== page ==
The inner ear is home to the cochlea, which transmits sound waves into nerve signals. The sensory organs of this system are necessary for hearing and maintaining balance. With these critical structures located so close to the heart, it may seem counterintuitive. Still, it can be explained by understanding how blood flow affects them: If the heart’s function becomes impaired by diseases such as high blood pressure or diabetes, it will not provide enough blood flow to meet the body’s needs. This results in a condition referred to as ischemia or lack of oxygen supply.

Ischemia can cause damage and/or death of tissues and cells anywhere in the body, and its effects on auditory and vestibular structures are no different. If the cochlea and vestibular system do not receive enough blood flow to support their function, patients may experience a reduction in hearing and balance abilities.

Ototoxic Medications

Many common medications used to treat heart conditions can also damage your hearing. These medications include aspirin, statins, beta-blockers, and ACE inhibitors. If you’re taking medicines for heart disease, make sure you talk to your doctor about how they might affect your hearing.

Inflammation

Some evidence suggests the two conditions may share a common underlying cause. One possible explanation for this relationship is that both heart disease and hearing loss are caused by inflammation in the body. Inflammation can damage blood vessels and tissues, including the ear and brain. This damage can lead to hearing loss or other health problems.

Sudden Sensorineural Hearing Loss

Some evidence suggests a link between untreated heart disease and sudden sensorineural hearing loss (SSHL) in younger patients. SSHL is sudden deafness that occurs when the inner ear becomes damaged. It can occur suddenly and without warning, making it one of the most frightening types of hearing loss. While there is no clear causal link between heart disease and SSHL, it is vital to be aware of the relationship.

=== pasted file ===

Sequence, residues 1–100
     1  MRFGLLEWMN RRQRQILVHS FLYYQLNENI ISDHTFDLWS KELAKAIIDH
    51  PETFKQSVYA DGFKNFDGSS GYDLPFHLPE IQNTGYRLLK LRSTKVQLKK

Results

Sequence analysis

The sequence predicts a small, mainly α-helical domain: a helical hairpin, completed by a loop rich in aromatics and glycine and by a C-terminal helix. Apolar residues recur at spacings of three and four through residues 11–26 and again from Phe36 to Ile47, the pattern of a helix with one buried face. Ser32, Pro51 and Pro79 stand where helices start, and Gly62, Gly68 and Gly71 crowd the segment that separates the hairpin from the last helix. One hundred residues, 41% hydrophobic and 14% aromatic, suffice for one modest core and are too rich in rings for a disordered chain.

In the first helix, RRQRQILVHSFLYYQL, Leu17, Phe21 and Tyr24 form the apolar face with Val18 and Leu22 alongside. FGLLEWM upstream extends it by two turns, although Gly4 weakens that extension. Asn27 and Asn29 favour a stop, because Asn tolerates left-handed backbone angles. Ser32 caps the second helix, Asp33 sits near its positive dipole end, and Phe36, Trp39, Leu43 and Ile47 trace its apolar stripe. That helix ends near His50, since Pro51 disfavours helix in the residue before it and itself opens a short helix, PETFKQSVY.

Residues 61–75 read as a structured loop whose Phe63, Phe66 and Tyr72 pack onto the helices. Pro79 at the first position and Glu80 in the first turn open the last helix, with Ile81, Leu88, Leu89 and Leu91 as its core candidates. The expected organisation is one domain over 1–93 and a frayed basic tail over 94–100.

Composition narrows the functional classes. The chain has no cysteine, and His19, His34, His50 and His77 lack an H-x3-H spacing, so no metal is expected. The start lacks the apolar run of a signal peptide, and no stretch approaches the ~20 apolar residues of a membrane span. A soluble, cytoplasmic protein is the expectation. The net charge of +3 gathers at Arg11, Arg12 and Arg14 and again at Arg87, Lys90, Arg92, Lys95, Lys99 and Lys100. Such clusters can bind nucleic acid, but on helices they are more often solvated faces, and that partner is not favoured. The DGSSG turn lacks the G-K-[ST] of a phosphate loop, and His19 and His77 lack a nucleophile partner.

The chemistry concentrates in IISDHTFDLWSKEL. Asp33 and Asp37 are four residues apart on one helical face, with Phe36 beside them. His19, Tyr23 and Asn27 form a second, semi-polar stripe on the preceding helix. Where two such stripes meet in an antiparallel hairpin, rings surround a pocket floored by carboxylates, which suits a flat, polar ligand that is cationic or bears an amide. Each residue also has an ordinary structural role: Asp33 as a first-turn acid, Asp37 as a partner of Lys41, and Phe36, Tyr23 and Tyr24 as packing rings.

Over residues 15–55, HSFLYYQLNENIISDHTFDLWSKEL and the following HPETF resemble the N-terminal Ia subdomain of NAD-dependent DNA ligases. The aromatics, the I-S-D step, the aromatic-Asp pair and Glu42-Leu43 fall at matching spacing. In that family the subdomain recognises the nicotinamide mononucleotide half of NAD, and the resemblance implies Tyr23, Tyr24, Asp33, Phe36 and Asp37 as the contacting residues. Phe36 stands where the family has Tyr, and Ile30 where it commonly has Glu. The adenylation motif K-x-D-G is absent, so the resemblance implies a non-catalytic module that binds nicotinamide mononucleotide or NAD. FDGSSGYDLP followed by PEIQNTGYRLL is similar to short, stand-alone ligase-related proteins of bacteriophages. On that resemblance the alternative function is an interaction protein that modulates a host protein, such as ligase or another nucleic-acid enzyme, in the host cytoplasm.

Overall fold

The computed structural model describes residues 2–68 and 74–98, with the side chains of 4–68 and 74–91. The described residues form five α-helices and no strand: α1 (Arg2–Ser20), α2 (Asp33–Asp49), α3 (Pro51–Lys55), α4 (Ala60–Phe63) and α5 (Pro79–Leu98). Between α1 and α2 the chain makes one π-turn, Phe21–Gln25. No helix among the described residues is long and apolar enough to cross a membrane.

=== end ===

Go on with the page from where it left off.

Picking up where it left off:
Health professionals should be aware of this possible relationship and consider the possibility of undiagnosed coronary artery disease in younger patients with heart murmurs and new-onset SSHL, advise researchers who conducted a retrospective study in six hospitals.

Hearing Loss and Heart Disease Prevention

A few small changes can go a long way to prevent hearing loss and heart disease. If you are at risk for either condition, make sure to get regular checkups and see your doctor if you experience any symptoms.

Make healthy lifestyle choices such as eating a balanced diet, getting regular exercise, and not smoking. Reduce stress levels by practising relaxation techniques such as yoga or meditation. And finally, protect your hearing with quality earplugs or noise-cancelling headphones when necessary.

With these simple precautions, you can help keep yourself healthy and happy!

While more research is needed to confirm the link between heart disease and hearing loss, it is crucial to be aware of the potential risks. If you have any of the risk factors for either condition, be sure to talk to your doctor or audiologist about how you can protect your health. And if you already experience symptoms of either disorder, don’t hesitate to seek medical help.

As always, if you are experiencing any hearing problems, it’s essential to talk with your audiologist right away. The best way to help prevent the negative impacts from hearing loss from occurring is through regular visits with your Ear Health audiologist.